The film’s three stars are likely shoo-ins; two of them, Emma Stone and Rachel Weisz, are former winners and Oscar favorites, and have both been nominated in the Supporting Actress category for most of the major awards so far; as for Olivia Colman, she may be less-well known – at least in the U.S. – than her co-stars, but she has been taking a hefty share of wins for her turn as the childish and petulant Queen Anne. All three actresses will almost certainly be nominated; Stone and Weisz would be competing against each other in the same category, potentially canceling each other out and making a win improbable, but Colman stands a stronger-than-average chance of being named Best Actress – especially after her win at the Golden Globes.

She has heavy competition, however.  “A Star is Born” features the breakthrough screen performance of Lady Gaga, who was an early favorite in the Oscar race – though her loss to Glenn Close’s work in “The Wife” at the Golden Globes, seen by many as an upset, may not bode well for her chances.  The Bradley Cooper-directed remake is another almost-sure Best Picture nominee, and will probably get nods for its screenplay, for Cooper (as both director and leading actor), and for Sam Elliott (Best Supporting Actor), as well. Still, with Gaga facing off not only against Colman’s formidable performance but sentimental preference for Close (she’s been nominated six times without winning, and Oscar loves to reward beloved stars who are seen as long-overdue), this film’s (and Gaga’s) easiest shot at a victory is a Best Original Song award for “Shallow.”

The third “big” LGBT title in the running is “Bohemian Rhapsody,” which survived a troubled production history – and accusations of “straight-washing” when early previews seemed to indicate an erasure of Mercury’s queer identity – to earn the biggest box-office take of any LGBT movie to date. While critical response to the film has been mixed, at best, it has proven to be highly popular with audiences, and Malek’s performance as Mercury has garnered nearly universal acclaim. Since he took home a Golden Globe, he could be poised to grab an Oscar as well – though previous winner Christian Bale, who also scored at the Globes for his performance as Dick Cheney in “Vice,” probably has the edge. As for the movie itself, it may snag a few other nominations, including for Best Picture – but even with a Golden Globe win under its belt, a win there is probably a long shot.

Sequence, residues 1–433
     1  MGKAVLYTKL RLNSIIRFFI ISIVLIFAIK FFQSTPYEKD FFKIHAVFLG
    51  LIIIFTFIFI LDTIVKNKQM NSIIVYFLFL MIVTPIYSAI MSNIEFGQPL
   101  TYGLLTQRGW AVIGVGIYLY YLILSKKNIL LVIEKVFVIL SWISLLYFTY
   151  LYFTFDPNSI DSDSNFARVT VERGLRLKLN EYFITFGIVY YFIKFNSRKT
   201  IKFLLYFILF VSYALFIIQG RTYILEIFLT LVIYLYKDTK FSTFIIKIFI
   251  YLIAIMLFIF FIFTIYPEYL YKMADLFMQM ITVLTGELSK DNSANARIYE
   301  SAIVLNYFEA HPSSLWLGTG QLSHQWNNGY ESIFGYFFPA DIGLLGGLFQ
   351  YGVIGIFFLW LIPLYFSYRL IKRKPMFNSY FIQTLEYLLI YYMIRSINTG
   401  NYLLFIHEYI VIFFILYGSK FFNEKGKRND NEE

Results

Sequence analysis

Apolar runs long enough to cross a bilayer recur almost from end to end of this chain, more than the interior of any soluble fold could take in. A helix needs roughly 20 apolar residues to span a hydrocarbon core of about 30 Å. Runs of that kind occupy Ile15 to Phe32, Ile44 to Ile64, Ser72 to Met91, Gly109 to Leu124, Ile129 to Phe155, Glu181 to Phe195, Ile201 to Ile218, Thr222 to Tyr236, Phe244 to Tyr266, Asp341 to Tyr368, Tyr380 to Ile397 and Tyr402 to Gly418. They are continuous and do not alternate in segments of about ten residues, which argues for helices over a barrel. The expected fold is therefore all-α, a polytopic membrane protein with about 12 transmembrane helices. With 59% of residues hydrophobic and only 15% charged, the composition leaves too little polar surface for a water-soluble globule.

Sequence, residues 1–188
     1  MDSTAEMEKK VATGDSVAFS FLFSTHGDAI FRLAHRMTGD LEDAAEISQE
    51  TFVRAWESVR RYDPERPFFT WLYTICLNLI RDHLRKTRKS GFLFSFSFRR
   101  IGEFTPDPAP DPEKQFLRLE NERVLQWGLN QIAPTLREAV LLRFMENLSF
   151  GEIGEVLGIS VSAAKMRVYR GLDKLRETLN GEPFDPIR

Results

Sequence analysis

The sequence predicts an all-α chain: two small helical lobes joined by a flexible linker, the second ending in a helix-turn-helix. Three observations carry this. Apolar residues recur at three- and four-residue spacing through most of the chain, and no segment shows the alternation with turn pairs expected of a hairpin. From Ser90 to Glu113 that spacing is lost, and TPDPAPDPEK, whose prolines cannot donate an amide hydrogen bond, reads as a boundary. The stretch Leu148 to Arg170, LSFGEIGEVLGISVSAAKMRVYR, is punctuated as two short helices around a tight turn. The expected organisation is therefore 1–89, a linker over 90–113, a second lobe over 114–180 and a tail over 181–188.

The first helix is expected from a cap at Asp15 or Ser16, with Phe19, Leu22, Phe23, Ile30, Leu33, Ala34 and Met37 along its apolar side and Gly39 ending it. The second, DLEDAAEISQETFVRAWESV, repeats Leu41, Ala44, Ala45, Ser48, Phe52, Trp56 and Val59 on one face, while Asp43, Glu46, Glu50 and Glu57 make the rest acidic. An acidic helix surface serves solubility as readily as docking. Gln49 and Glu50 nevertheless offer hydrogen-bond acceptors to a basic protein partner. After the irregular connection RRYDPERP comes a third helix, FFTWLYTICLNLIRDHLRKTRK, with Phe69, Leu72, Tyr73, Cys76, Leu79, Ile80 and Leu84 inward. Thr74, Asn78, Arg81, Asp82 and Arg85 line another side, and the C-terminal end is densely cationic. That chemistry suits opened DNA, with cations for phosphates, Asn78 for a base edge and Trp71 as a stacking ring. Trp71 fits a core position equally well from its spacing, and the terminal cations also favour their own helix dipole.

“Can You Ever Forgive Me?,” a true-life drama about a literary lesbian con artist and her gay accomplice, is also on the buzz list; leading actress Melissa McCarthy, and her supporting co-star, Richard E. Grant, have been predicted as nominees in their respective categories (both were nominated for Globes). With the aforementioned three-way competition in the Best Actress race, it seems improbable that McCarthy could win – particularly considering that Oscar has a history of denying victory to comedic actors in dramatic roles.

As for Grant’s chances in the Supporting Actor category, he will probably have to face off against Mahershala Ali and Timothée Chalamet. Ali won the Globe, so he has a strong chance. Chalamet, the acclaimed young star of last year’s “Call Me By Your Name” has a huge LGBT fan base that will be rooting for him, even though the teenaged meth addict he plays in “Beautiful Boy” is straight; he lost out on last year’s Best Actor prize, and the Academy has a history of “making up” for past oversights by bestowing awards in subsequent years – making many Oscar pundits place him as the odds-on favorite to win this one. Either way, Grant’s “Can You Ever Forgive Me” performance is a very dark horse.

“Boy Erased,” the film adaptation of Garrard Conley’s memoir about his experiences in a Christian “conversion camp” for gay teens, was anticipated early on as a strong contender for this year’s awards season, but it hasn’t made much of a showing so far; its young star, Lucas Hedges, snagged a Globe nomination, and has a fighting chance of repeating that feat at the Oscars. Of all the films likely to be contenders this year, this one has the most LGBT-centric focus, and of all the actors in the running for playing queer characters, Hedges is the only one who has publicly identified as anything other than straight (though he stopped short of putting a label on his sexuality, saying he sees it as “existing on a spectrum”).  A win for him would send a powerful message of inclusion – but even if he makes the cut in a field limited to only five contenders, his status as a first-time nominee, coupled with the acting pyrotechnics displayed by probable Best Actor front-runners Malek and Bale, make his chances slim.